Agus Martowardojo, the Governor of Bank Indonesia, said the rising foreign exchange reserves in February 2017 were primarily caused by foreign exchange earnings stemming from oil & gas exports, and secondly by capital inflows. Up to the end of February a total of IDR 26 trillion (approx. USD $2 billion) entered Indonesia. When part of these funds is deposited at the central bank then it has a positive impact on the country's foreign exchange reserves, Martowardojo added.

Meanwhile, the receipts over the past month surpassed the use of foreign exchange for repayments of government external debt and the maturing of Bank Indonesia's foreign exchange bills.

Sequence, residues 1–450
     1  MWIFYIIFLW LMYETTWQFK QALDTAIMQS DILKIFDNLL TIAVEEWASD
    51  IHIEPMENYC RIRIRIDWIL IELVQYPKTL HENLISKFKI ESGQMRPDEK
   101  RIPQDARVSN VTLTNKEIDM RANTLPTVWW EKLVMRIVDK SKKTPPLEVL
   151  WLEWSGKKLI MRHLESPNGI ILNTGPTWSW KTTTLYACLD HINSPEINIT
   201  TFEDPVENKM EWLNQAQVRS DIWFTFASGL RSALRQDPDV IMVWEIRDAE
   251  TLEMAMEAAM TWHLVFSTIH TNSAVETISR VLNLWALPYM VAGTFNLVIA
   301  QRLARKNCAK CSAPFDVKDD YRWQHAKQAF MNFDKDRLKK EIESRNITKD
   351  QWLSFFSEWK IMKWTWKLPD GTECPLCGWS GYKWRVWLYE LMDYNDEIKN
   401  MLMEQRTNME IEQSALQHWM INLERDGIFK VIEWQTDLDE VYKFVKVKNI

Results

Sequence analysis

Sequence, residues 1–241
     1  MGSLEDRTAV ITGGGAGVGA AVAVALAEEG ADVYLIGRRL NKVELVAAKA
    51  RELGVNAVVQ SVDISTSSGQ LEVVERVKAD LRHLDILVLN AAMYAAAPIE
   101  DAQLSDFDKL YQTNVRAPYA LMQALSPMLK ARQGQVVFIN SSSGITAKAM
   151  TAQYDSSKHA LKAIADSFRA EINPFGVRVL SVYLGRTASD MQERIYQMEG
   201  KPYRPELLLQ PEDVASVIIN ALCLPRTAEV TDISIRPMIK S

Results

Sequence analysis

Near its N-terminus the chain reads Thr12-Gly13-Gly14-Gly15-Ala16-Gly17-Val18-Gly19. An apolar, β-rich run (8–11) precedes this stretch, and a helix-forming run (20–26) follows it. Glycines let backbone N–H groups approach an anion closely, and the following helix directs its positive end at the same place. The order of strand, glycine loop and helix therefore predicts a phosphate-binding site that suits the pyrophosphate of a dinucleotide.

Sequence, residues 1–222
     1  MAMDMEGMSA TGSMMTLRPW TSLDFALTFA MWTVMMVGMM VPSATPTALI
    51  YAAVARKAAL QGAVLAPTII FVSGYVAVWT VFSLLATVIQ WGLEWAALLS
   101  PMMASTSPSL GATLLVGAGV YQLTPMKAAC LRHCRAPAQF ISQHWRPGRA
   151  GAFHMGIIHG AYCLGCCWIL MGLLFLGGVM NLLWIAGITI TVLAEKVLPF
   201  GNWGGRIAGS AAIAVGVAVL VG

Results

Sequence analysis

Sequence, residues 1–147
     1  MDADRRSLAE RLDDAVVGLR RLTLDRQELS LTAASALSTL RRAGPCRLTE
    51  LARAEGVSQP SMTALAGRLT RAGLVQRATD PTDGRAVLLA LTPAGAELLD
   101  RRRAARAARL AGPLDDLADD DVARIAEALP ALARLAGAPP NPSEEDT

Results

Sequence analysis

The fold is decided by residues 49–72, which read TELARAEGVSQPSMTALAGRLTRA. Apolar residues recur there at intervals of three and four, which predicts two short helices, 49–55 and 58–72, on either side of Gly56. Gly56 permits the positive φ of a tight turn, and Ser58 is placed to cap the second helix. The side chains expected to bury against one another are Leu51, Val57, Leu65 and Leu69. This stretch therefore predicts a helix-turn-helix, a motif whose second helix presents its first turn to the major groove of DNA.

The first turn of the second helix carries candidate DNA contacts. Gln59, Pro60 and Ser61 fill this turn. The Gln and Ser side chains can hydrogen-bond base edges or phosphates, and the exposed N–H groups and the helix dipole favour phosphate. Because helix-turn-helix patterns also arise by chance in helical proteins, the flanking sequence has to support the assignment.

The current foreign exchange reserve asset position can adequately cover 8.9 months of imports or 8.5 months of imports and servicing of the government's external debt repayments, well above the international standards of reserves adequacy at three months of imports.

Rising foreign exchange reserves also support the performance of the Indonesian rupiah. Throughout the month of February 2017 the rupiah's value versus the greenback was stable (IDR 13,343 per US dollar on 31 January 2017 against IDR 13,347 per US dollar at 28 February 2017). Thus, despite rising foreign exchange reserves, the rupiah did not appreciate. It is assumed that Bank Indonesia is keeping the rupiah at a flat level and guard it against (too much) appreciation ahead of looming higher US interest rates.

Indonesian Rupiah versus US Dollar (JISDOR):

| Source: Bank Indonesia